Rep. Darrell E. Issa testifies before the Senate Homeland Security and Governmental Affairs Committee during a hearing on 'Solutions to the Crisis Facing the U.S. Postal Service' at Dirksen Senate Office Building in Washington, DC on Wednesday, February 13, 2013. (Mike Morones/Federal Times) (Mike Morones/Army Times)
The Office of Management and Budget should revisit new Combined Federal Campaign regulations by the Office of Personnel Management, a bipartisan group of lawmakers wrote in an April 17 letter.
Reps. Darrell Issa, R-Calif., Elijah E. Cummings, D-Md., Blake Farenthold, R-Texas, Stephen Lynch, D-Mass., and David Reichert, R-Wash., wrote that the addition of application fees and listing fees could discourage charities from signing up.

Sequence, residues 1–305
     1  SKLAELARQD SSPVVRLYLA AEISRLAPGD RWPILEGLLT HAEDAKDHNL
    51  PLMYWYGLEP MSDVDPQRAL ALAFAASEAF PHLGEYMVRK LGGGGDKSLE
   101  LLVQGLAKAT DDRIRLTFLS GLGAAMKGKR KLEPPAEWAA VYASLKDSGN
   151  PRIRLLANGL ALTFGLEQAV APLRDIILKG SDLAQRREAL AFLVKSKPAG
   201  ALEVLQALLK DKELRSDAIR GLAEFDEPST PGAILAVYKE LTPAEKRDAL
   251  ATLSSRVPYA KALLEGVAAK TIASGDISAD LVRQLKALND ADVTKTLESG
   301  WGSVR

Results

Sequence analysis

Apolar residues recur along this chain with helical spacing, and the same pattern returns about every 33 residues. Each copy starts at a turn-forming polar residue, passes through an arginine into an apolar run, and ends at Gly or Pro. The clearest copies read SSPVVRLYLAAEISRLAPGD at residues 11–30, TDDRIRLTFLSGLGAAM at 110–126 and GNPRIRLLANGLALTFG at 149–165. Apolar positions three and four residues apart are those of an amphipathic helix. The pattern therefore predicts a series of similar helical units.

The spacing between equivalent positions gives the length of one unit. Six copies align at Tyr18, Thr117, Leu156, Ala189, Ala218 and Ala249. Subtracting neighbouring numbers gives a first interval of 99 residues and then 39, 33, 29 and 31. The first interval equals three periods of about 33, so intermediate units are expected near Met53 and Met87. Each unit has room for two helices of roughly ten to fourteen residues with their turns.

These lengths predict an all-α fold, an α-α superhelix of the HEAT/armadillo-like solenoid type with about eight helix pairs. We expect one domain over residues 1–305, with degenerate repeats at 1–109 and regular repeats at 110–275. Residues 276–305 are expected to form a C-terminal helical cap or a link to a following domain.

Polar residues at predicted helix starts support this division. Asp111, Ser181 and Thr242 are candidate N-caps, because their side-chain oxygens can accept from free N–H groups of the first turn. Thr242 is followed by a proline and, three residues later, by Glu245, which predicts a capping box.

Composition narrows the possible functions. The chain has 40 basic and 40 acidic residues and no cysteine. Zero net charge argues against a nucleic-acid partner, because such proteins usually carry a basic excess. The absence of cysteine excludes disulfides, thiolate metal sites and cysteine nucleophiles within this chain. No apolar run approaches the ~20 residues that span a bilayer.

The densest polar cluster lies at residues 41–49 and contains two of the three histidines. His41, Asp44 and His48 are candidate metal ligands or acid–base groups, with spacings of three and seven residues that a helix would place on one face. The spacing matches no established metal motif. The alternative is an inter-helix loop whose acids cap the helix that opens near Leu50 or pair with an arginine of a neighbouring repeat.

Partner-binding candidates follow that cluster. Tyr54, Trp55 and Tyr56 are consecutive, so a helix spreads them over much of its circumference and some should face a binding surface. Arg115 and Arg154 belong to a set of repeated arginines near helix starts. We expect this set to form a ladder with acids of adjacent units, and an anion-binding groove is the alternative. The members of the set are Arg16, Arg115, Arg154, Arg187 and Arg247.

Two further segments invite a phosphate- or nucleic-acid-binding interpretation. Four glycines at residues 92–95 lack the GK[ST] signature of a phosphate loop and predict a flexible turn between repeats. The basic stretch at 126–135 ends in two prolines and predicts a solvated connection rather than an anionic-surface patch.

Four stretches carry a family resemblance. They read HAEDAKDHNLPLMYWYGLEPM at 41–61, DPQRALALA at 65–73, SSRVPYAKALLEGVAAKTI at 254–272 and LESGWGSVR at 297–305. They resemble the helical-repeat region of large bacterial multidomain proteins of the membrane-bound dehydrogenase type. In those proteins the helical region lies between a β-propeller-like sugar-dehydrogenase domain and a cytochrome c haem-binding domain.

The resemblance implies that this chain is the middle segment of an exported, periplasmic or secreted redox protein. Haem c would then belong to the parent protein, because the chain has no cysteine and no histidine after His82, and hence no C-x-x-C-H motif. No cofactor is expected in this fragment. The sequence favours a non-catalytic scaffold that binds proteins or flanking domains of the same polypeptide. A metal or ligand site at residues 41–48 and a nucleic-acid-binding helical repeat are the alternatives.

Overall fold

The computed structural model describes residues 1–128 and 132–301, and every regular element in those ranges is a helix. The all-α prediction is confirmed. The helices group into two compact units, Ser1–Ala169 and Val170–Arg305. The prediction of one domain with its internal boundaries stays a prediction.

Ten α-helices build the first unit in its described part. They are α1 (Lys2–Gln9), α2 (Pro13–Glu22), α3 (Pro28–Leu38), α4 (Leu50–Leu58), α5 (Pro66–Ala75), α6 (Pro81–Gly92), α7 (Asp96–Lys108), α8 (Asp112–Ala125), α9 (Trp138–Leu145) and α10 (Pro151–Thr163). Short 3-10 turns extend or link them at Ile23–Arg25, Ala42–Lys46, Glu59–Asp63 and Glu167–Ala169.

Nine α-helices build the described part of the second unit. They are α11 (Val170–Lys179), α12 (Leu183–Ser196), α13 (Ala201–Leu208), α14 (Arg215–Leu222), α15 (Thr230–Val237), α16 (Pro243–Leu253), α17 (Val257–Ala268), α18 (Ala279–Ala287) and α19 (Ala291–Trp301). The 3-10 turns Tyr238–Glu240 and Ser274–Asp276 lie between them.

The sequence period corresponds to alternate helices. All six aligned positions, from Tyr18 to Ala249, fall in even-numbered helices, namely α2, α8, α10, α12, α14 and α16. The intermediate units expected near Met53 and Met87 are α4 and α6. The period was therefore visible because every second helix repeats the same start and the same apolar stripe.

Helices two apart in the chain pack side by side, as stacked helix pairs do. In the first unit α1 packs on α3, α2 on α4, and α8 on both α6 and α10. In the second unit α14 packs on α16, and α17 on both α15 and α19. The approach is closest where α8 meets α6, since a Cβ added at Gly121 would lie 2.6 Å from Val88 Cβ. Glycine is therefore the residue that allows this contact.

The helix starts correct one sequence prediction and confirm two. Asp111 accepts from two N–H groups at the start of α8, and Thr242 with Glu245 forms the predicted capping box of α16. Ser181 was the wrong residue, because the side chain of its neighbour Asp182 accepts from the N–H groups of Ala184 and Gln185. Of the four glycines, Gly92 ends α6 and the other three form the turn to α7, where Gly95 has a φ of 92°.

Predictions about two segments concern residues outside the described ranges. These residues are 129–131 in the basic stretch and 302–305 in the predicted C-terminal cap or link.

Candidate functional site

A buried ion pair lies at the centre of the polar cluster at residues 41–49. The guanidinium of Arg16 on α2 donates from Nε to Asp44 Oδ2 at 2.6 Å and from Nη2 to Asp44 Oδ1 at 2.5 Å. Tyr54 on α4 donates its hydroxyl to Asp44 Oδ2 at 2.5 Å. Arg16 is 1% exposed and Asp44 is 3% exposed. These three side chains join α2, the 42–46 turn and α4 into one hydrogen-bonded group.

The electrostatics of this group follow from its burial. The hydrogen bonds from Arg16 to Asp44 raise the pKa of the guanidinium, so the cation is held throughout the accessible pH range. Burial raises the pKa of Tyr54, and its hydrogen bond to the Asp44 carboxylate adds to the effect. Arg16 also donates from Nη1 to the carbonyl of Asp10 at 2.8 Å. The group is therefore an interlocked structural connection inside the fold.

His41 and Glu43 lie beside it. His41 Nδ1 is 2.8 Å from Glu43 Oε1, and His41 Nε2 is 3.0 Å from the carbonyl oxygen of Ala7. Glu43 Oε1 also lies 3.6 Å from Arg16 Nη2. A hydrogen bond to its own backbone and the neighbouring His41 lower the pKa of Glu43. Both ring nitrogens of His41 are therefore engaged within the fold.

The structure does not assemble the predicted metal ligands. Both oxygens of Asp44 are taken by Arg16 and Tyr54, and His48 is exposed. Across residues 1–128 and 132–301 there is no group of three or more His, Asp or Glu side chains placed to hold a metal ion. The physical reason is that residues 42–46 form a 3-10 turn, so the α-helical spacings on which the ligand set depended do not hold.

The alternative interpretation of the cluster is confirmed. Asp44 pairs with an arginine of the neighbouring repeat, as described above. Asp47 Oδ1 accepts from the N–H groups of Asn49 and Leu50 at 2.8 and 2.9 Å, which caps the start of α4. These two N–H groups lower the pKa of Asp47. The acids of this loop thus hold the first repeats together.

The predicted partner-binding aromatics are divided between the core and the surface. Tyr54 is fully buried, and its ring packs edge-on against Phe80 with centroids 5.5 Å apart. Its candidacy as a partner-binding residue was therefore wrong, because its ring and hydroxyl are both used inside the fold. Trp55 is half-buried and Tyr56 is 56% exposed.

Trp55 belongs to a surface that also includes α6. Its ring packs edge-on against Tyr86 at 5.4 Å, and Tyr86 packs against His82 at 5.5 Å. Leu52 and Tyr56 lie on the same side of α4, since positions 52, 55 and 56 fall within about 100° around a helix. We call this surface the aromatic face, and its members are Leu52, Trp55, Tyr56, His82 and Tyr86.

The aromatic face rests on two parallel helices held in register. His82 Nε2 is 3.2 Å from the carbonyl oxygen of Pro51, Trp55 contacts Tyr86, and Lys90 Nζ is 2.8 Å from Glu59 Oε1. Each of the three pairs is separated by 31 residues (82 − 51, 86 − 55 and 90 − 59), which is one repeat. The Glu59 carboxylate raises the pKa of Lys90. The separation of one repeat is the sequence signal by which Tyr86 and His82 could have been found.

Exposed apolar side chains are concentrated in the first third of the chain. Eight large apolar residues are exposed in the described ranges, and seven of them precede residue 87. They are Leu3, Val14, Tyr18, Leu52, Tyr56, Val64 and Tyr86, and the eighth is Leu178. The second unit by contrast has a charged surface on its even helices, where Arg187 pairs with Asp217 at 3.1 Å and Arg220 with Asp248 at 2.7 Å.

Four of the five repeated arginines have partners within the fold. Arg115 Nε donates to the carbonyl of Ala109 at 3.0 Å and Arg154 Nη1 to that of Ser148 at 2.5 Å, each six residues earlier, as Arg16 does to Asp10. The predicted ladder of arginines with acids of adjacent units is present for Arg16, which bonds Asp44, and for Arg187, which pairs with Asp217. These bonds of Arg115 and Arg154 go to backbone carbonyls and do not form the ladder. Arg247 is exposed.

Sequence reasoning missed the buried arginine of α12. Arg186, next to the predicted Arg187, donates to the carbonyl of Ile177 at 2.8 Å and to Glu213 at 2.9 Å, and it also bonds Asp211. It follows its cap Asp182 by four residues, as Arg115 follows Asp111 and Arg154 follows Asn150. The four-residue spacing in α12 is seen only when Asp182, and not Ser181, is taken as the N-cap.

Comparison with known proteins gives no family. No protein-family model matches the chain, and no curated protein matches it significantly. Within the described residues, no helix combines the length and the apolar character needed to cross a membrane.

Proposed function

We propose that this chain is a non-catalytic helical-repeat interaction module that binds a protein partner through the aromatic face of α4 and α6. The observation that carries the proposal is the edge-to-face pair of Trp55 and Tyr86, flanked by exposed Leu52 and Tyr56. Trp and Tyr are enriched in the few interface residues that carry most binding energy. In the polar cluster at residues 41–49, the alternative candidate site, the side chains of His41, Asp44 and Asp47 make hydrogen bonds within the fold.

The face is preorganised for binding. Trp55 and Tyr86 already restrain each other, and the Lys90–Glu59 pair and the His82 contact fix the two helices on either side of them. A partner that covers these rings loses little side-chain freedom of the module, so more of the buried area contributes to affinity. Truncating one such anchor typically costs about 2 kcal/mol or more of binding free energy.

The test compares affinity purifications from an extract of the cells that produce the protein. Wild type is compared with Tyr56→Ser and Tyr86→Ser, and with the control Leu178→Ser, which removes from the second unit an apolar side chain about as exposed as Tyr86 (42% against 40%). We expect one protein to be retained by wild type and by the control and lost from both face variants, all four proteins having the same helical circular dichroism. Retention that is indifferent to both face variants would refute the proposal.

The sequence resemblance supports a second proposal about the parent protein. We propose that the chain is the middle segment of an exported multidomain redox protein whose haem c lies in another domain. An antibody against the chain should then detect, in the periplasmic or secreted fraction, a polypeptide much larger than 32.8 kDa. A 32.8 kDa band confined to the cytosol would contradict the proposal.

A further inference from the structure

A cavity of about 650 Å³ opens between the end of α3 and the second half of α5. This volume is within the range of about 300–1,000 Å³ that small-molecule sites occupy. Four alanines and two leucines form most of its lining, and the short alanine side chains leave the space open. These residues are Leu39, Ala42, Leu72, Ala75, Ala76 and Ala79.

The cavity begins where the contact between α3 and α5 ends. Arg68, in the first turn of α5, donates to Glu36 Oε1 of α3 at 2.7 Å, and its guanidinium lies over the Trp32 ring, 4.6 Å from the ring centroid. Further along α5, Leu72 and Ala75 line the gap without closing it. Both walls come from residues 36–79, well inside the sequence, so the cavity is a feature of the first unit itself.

“Charities and watchdog groups agree that the charity application fees may disproportionately affect smaller charities and make it more difficult for them to participate in the CFC. As a result, although the rule was intended to increase donor participation, it could have the opposite effect,” the lawmakers wrote.
Requiring employees to pledge online may also reduce the amount of money charities can raise. About 10 percent of donations in 2012 were made by cash, check or money order, the lawmakers wrote.
OMB should carefully consider the new rules and whether they address public comments provided on the draft rules before allowing them to go forward, the lawmakers wrote.
The lawmakers also suggested a pilot program for some of these changes in order to better gauge the effect on charities and federal employees.